Wednesday, April 26, 2017
Shoigu: Montenegro’s military potential equals zero
By InSerbia with agencies - Apr 26, 2017
Russian Defense Minister Sergei Shoigu says Montenegro’s NATO membership is needed in order to “step up the alliance’s control in the Balkans.”
According to Shoigu, NATO continues projecting its forces near Russia’s borders, and including new states in its sphere of influence.
“The latest decisions on Montenegro’s admission to the alliance are a direct confirmation of this. Podgorica’s military potential is equal to zero, but its geographical position allows NATO to strengthen control of the Balkans,” the minister said at the Moscow Security Conference, Sputnik reported on Wednesday.
Shoigu believes that NATO’s aircraft patrolling the air space above the Baltic Sea pose a threat to Russia.
According to him, the activity of this “policing” mission has effectively become an integral part of the so-called zone of limited access, which includes the Kaliningrad area and the eastern part of the Baltic Sea.
“We view these NATO actions as a violation of the balance in the region, creating a threat to Russia’s security,” said Shoigu.
The Russian minister said that the US attack on a Syrian military airport earlier in the month had put Russian soldiers in danger. In this regard, he acknowledged the need to take additional measures to ensure the security of the Russian troops in Syria.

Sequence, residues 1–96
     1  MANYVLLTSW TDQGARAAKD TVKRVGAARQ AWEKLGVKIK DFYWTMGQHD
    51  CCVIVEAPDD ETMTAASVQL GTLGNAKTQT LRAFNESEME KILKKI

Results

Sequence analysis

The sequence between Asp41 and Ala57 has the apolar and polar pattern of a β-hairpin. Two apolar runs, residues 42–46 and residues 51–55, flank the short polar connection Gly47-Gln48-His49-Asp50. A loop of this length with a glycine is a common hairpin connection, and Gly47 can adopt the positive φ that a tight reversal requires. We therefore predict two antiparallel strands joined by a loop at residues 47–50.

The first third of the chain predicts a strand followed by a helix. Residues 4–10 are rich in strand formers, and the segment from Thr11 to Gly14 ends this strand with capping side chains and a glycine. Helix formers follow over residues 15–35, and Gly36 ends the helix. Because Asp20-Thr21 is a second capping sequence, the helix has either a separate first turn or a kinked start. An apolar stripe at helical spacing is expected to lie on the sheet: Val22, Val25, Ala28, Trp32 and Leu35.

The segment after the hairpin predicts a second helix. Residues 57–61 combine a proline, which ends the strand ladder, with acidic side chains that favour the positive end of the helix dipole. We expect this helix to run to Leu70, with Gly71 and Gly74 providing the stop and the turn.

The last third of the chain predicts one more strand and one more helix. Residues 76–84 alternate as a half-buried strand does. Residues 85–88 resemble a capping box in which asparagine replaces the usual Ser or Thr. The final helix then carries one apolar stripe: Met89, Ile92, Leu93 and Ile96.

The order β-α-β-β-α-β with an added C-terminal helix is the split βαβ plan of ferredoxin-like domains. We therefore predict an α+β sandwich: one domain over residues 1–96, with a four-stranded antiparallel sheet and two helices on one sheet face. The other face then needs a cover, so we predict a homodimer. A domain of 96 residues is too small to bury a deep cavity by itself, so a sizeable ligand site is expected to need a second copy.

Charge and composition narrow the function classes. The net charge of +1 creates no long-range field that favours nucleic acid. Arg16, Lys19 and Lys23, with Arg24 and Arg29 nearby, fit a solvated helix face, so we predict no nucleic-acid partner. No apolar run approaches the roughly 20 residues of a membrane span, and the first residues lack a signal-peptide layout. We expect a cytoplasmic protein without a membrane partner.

“Russia is taking additional measures to protect its troops in Syria after the US missile attack on a Syrian government airport,” said Shoigu.
Shoigu called the situation in Syria “a humanitarian catastrophe” and noted that Russian soldiers provide humanitarian aid to the Middle Eastern country.
The Moscow conference is dedicated to “global security challenges of the 21st century” as its main topic.
The conference is attended by more than 750 guests, including defense ministers and delegations, military experts and representatives of academia from 86 countries, as well as international organizations such as the UN, the OSCE, the CIS, the CSTO, and the international Committee of the Red Cross.